(Last Updated on : 05/05/2010)
The Usinaras were an ancient, petty tribe dwelling to the north of the Kuru country. The Gopatha Brahmana says that the Usinaras and Vasas (Vatsas) were regarded as northerners. In the Rig Veda
the Usinara tribe is alluded to in a passage which refers to their queen Usinarani. Panini
, the grammarian had also referred to the Usinara country. The Aitareya Brahmana had assigned the Kurus and Panchalas, together with the Vasas and Usinaras, to the Middle Country which later came to be known as Madhyadesa. In the Kausttaki Upanishad too, the Usinaras are associated with the Kuru-Panchalas and the Vasas.
Some historians were of the opinion that the Usinaras were settled in towards the east. While some other historians believe that the Usinaras had occupied the state of Punjab. Usinaras had established separate kingdoms on the eastern border of the Punjab namely those of the Yaudheyas, Ambasthas and a lot more. Some other members of the Usinara clan had also established the kingdoms of the Vrisadarbhas, Madras, Kekayas and Suviras, thus occupying the whole of the Punjab except the north-west corner.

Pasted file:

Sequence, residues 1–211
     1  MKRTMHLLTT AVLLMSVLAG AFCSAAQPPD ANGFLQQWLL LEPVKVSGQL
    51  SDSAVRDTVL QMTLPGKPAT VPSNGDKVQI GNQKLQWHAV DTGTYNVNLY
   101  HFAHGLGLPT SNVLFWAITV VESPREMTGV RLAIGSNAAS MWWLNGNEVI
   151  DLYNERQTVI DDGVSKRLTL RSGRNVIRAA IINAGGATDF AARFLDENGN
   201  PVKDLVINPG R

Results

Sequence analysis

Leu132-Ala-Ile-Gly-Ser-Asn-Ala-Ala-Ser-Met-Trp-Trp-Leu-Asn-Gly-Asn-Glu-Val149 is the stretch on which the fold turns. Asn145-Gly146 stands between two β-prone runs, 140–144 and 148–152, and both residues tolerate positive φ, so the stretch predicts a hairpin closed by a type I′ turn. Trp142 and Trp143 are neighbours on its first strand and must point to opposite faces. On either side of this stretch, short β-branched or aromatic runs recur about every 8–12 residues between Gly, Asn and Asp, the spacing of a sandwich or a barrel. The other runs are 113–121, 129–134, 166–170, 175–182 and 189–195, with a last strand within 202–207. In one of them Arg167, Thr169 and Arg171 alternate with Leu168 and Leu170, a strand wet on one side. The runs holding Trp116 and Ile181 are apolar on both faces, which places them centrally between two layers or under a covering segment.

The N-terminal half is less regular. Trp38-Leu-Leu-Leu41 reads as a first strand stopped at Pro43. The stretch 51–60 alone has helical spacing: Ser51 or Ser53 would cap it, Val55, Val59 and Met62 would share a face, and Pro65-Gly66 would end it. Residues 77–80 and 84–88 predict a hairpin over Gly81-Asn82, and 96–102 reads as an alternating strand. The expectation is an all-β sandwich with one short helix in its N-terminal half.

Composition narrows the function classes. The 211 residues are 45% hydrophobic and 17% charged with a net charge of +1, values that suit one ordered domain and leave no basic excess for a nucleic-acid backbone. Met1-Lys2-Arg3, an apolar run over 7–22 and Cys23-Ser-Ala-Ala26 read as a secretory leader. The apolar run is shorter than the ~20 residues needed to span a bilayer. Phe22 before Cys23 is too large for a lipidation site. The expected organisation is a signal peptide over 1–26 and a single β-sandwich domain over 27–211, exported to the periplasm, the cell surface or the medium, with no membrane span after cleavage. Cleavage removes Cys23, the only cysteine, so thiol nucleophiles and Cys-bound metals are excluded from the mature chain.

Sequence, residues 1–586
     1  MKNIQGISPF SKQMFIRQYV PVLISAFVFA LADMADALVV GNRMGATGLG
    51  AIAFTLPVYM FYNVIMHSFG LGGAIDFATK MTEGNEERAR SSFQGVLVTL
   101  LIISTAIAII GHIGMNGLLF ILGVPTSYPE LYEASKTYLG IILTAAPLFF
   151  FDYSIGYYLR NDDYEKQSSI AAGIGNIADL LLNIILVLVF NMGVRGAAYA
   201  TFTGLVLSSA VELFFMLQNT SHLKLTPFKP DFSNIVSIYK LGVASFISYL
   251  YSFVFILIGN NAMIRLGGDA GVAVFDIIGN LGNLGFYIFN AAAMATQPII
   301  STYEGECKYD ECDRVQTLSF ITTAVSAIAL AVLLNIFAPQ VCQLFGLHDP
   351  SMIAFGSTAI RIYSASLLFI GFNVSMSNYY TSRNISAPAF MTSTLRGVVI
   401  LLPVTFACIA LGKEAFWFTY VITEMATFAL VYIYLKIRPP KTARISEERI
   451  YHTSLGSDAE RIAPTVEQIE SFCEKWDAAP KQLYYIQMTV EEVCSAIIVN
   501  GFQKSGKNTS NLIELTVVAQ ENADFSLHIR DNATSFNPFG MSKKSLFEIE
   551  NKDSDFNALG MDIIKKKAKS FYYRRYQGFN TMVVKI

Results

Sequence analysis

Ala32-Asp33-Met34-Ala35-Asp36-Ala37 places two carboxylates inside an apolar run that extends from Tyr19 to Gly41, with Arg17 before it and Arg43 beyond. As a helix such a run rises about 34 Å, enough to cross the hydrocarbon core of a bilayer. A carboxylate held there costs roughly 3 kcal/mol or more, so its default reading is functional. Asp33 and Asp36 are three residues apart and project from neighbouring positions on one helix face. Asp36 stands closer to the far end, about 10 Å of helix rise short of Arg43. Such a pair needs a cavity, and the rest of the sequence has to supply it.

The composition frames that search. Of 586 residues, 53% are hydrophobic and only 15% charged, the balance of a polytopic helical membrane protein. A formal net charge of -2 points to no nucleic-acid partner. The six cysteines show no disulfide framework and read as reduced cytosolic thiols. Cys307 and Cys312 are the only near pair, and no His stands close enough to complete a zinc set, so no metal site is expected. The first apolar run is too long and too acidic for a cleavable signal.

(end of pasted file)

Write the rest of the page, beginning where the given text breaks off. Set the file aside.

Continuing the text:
According to tradition, King Usinara was descended from the Anavas. He had five wives namely Mriga, Krimi, Nava, Darva and Drisadvati, who respectively had five sons, Mriga, Krimi, Nava, Suvrata and Sivi. The city of Mriga was Yaudheya; and the Harivamsa has connected the Yaudheyas with Usinara.
In Indian Mythology the story of king Usinara being ready to sacrifice himself for the sake of a pigeon occupies a prominent position. The Buddhist Jatakas on the other hand has referred more than once to King Usinara. For instance, in one Jataka it has been mentioned that there once reigned a king named Usinara. His people were wicked and followed unrighteousness. During his reign, the religion of Lord Buddha
had begun to disappear. Sakka (Sakra) observed the miserable plight of the people, due to the decadence of the religion of the Buddha. He turned the god Matali, his charioteer, into the shape of a huge black hound and entered the city with him. The people were terrified by the loud barking of the hound. Sakka said that it was hungry; but even when all the food in the city was given to the hound, it did not stop barking. The king said that it must be a goblin, not a hound. Sakka then explained that he had come with the hound to revive the religion of the Buddha, and thus to establish the people in the virtues of liberality.